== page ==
Is it Allowed to Invest your pension Fund in your Business?
There are strict rules set into place that dictates your freedom when it comes to using your pension fund as an investment. As a general rule of thumb, you can not use your pension funds to inject cash flow into your business, but few exceptions exist. However, the real question to be answered here is if you can take advantage of these exceptions? This article is not advise and we recommend you seek expert professional help from your Accountants for your Limited Company before making any decisions.
Pensions And Business Investments
The rules that govern the usage of pension savings as a means of adding finances to your businesses have experienced a lot of tightening over the last 15 years. For example, the rules now state that a director cannot use their self-invested personal pension (SIPP) to lend to their limited company or own shares in the company unless they are quoted. It is also a requirement for the director not to be someone with significant control over the company, i.e., owning more than 50% of its voting rights. However, rules for SSAS “Small Self-Administered Schemes” seem a lot more relaxed in comparison.
SSAS is a company’s pension scheme instead of a personal pension plan such as SIPP. Such schemes are mainly designed for directors, shareholders, and senior employees, to allow them and their families to get the most out of their pension plans. The “Small” in Small Self-Administered Schemes refers to the number of people allowed to be a member of the scheme, usually eleven or fewer. Scheme trustees are the ones who control SSAS and are usually the individuals involved in the scheme. Together they decide how the money in the scheme is used; however, they need to consider a few limitations and conditions.
Tip: Can be set for a single person as well, i.e., for a one-man company.
An SSAS, unlike SIPPs, can invest money and lend it to a company that is owned by the trustees of the scheme. However, an SSAS investment is subject to a few conditions mentioned below:
- You can use no more than 5% of the SSAS funds to buy shares in the company. If more than one company is involved, the SSAS can be used to invest up to 20% of its funds, which means that you can invest in a total of 4 companies, each with a 5% limit.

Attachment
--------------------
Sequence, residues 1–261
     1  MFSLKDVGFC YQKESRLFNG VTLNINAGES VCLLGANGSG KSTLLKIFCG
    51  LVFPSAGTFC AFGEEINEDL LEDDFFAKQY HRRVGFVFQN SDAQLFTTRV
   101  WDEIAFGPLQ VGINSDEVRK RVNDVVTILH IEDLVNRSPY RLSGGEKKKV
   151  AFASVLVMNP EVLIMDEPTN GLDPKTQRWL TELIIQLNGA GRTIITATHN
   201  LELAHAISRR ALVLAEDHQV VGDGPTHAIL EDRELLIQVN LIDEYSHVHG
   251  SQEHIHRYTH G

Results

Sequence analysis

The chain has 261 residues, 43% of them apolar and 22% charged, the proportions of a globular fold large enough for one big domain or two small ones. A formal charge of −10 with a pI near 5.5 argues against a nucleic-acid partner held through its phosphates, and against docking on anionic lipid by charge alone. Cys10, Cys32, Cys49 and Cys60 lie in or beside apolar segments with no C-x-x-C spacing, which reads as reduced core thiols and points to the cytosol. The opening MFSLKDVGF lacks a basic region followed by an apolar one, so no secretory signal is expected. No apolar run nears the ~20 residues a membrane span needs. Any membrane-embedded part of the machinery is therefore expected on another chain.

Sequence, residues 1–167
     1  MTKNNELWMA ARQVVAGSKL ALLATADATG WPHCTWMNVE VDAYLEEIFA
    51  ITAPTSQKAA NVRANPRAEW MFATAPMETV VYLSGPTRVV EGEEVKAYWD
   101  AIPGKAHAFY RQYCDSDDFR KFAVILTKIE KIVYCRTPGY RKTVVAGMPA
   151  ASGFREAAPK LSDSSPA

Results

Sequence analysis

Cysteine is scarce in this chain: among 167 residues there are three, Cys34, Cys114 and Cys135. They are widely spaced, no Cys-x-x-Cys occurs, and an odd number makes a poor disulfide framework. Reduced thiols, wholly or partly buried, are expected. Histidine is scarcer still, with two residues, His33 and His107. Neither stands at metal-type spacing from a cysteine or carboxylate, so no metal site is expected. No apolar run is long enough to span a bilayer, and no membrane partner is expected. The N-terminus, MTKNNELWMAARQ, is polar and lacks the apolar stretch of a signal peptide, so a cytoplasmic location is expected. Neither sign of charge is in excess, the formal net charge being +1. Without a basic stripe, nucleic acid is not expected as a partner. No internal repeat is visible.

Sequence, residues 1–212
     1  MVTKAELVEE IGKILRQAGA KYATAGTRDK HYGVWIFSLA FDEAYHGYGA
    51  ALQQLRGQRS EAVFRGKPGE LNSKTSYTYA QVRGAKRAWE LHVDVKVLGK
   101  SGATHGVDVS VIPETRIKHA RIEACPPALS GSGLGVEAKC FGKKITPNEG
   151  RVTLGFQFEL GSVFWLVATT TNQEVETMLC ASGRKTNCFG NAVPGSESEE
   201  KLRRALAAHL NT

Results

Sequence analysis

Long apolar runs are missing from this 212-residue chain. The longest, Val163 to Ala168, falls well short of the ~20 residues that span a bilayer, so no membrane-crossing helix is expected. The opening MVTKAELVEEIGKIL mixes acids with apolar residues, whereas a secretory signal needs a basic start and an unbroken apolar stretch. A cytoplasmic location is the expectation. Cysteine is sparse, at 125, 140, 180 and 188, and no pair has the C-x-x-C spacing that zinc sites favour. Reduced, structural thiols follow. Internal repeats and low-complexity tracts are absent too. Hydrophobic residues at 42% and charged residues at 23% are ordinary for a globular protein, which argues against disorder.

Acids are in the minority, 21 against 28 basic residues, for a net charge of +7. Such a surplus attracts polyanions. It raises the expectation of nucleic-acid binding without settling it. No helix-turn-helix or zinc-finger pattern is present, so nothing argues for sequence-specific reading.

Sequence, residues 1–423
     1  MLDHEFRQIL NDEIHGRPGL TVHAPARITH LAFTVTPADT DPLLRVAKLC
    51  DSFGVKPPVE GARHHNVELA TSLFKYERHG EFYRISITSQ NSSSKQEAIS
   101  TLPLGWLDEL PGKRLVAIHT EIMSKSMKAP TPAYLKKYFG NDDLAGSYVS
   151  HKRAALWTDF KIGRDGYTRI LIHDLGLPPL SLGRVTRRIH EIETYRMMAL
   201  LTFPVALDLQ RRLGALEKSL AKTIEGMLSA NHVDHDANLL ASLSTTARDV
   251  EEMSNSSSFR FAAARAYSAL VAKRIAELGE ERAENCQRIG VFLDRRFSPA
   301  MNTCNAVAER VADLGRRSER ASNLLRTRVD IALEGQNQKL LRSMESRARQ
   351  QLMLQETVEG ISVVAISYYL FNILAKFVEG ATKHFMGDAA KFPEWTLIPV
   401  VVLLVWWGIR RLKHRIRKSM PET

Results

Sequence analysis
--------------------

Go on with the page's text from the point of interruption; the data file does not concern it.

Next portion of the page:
- Loans provided to a company must not be more than 50% of the total fund value and cannot be provided for any longer than five years. They must be secured with the company’s assets, for example, its trading premises.
No SSAS, No Problem
Although the scope of the investment made by a pension fund has been more restricted, the right to transfer your savings to other schemes has gotten a lot easier, and the fees to get this done have diminished, as stated by the government regulation.
Tip: It’s quite easy to set an SSAS up and transfer your pension savings to it. There will, however, be a fee charged for the transfer, but it would be as little as £150. Your pension service providers will let you know what the costs are when you proceed with the transfer.
An SSAS can lend money to your business at a typically lower rate than what your banks will offer. If you look at the regulation, the SSAS can lend money at a rate of only 1% above the average base rate of the central clearing banks. Additionally, the interest paid on loan goes back to your SSAS and increases its value.
Like other registered pension schemes, all contributions made to an SSAS qualify for tax relief according to your income tax band. Additionally, when an SSAS lends money to your company, the interest paid is tax-deductible from the company’s profits.
Jinesh is a Senior Business Accountant, with a masters in Finance from Westminster University, and specializes in tax and accounting for small to medium businesses with a turnover less than £ 3 Million.
He specialises in helping creative businesses understand and manage their accounting and tax needs and obligations.
As accounting ecosystems evolve, their potential to add value also grows. This has increased the focus on digital solutions to tackle complex business problems. Jinesh helps businesses see the opportunity in this and helps businesses become more efficient and increase performance, using the right solutions.
Some of the key things he focuses on are:
- Helping businesses gain insights from their business data
- Providing complex tax and accounting solutions
- Helping businesses prepare for complex industry developments and changes